An interview by and
, curator curator
Hello Loraine and welcome back to ART Habens. We already got the chance to introduce our readers to your artworks in a previous edition and we are now particularly pleased to discover the development of your artistic production. In the meanwhile, we would like invite our readers to visit http://www.loranitude.com in order to get a wide idea about your artistic production. We like the way your approach conveys such a stimulating combination between figurative elements and captivating abstract feeling, whose background creates such an oniric atmosphere: how would you consider the relationship between figurative and abstraction playing within your artistic research? In particular, how does representation and a tendency towards abstraction find their balance in your work? Loraine Lynn: Thank you for having me back! I’m happy to be speaking with you again. Figurative and abstract play off each other in my work. I aim for their relationship to be one of frustration. I enjoy playing with the tension that is created between the two and using it to have the viewer experience art in a way that isn’t always comfortable. This creates a backand-forth, giving room for this contentious relationship to be explored and questioned rather than just disregarded. Balance is found between the two through the idea of “connecting the dots,” which happens within my work through intention, site, and proximity. I tend to lean more towards abstraction because of its ability to be open ended.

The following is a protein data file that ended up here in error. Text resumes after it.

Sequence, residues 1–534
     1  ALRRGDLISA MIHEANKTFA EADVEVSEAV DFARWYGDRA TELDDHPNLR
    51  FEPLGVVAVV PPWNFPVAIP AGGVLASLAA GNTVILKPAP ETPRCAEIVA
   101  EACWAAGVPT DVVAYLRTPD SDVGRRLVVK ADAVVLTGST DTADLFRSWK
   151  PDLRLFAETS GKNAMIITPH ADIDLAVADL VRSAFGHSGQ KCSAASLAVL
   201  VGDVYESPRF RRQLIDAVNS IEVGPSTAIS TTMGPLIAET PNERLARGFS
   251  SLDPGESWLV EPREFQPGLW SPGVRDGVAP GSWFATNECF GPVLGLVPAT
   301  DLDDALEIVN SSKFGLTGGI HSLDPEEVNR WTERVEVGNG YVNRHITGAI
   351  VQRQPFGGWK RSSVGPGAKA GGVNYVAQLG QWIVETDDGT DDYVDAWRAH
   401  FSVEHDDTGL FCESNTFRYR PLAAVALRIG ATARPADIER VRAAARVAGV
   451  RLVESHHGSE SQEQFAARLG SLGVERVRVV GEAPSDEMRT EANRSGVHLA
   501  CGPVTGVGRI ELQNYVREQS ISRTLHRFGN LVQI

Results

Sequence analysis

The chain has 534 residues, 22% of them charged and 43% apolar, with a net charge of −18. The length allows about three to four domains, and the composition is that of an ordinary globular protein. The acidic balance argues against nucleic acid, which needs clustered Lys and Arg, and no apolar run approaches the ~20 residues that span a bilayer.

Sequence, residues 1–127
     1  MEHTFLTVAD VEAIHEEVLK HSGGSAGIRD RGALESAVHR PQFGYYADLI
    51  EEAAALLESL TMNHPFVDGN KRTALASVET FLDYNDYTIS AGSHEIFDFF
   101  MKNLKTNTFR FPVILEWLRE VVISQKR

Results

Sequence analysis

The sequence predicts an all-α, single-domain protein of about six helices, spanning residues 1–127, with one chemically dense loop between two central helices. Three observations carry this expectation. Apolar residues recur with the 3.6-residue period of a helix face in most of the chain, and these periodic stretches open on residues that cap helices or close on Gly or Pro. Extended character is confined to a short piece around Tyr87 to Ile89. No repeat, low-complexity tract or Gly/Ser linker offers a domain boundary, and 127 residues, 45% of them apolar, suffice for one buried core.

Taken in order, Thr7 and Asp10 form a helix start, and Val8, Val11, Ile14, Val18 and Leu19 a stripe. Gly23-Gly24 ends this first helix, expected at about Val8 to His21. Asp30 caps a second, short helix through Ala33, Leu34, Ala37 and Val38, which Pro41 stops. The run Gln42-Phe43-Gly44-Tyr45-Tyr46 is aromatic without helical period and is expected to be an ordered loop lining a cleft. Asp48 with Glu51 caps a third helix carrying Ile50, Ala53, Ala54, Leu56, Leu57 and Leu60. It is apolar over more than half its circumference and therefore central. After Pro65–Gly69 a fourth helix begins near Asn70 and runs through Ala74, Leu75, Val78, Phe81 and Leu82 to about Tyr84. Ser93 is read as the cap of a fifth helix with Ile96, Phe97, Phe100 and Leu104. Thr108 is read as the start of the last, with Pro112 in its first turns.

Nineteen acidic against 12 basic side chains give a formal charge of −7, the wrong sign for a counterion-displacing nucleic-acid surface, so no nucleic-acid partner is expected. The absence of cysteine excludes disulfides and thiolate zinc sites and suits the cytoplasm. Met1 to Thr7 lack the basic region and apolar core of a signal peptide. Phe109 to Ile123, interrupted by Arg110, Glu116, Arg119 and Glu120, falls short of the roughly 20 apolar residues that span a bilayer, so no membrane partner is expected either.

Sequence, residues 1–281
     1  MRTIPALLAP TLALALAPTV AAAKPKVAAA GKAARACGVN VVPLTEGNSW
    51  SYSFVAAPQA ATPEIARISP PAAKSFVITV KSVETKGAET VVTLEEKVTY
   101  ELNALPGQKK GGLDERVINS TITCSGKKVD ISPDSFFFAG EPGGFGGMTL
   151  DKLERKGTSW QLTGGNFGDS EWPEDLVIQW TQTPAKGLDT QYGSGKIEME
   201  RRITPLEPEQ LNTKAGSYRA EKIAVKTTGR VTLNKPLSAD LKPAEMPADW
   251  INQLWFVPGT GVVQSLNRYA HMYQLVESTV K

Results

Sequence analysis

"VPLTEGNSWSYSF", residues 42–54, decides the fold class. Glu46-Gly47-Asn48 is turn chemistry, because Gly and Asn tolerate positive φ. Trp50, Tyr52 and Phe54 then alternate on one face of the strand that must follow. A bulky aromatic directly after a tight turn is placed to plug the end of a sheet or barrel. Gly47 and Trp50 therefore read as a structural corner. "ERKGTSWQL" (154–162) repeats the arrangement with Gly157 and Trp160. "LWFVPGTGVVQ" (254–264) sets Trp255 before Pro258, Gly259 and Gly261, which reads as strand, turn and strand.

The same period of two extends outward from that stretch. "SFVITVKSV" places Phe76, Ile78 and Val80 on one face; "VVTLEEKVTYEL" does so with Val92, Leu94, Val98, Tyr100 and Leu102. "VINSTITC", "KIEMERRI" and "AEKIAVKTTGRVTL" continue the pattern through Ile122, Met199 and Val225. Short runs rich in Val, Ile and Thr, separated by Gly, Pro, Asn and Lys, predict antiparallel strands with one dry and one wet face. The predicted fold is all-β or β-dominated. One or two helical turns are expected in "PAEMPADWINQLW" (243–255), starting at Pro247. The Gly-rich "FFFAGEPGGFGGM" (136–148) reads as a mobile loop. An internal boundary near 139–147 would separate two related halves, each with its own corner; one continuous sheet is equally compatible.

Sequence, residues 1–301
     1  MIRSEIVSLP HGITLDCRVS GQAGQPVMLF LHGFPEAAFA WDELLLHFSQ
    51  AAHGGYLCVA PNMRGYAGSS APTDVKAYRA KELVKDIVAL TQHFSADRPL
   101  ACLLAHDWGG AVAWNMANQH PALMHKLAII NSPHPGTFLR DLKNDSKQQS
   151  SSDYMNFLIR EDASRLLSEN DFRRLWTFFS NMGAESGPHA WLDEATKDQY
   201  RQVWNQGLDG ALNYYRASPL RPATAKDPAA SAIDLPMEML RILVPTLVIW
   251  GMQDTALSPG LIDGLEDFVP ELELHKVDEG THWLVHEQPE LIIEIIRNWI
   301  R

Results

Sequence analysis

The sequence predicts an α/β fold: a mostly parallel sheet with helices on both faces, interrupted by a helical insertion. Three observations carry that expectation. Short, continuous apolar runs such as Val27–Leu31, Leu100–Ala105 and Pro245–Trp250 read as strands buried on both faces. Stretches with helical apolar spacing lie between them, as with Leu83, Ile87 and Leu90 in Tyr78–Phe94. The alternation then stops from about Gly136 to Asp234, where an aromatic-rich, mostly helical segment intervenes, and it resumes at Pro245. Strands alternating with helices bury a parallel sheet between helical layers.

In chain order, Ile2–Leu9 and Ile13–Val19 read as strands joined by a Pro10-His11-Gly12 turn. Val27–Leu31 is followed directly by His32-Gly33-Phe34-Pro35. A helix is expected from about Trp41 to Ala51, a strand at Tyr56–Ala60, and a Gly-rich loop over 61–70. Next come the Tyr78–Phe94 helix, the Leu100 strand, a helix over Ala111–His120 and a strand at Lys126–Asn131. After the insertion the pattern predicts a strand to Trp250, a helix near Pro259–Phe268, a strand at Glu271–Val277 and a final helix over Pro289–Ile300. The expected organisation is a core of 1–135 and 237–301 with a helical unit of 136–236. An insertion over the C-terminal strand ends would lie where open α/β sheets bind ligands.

because it does not urge them to be involved with the work on a deeper level because it is familiar. Having aspects of representation and abstracting it helps to engage the viewer. I prefer a mixture of the two because it helps create a space for further interpretation and new meanings to be made on behalf of the audience and also on my behalf as the maker. The main point of balance between the two is found in how I display the objects and forms I choose to use in a piece. Like our dreams, the
This is a personal bias, but I find that representation halts audience interpretation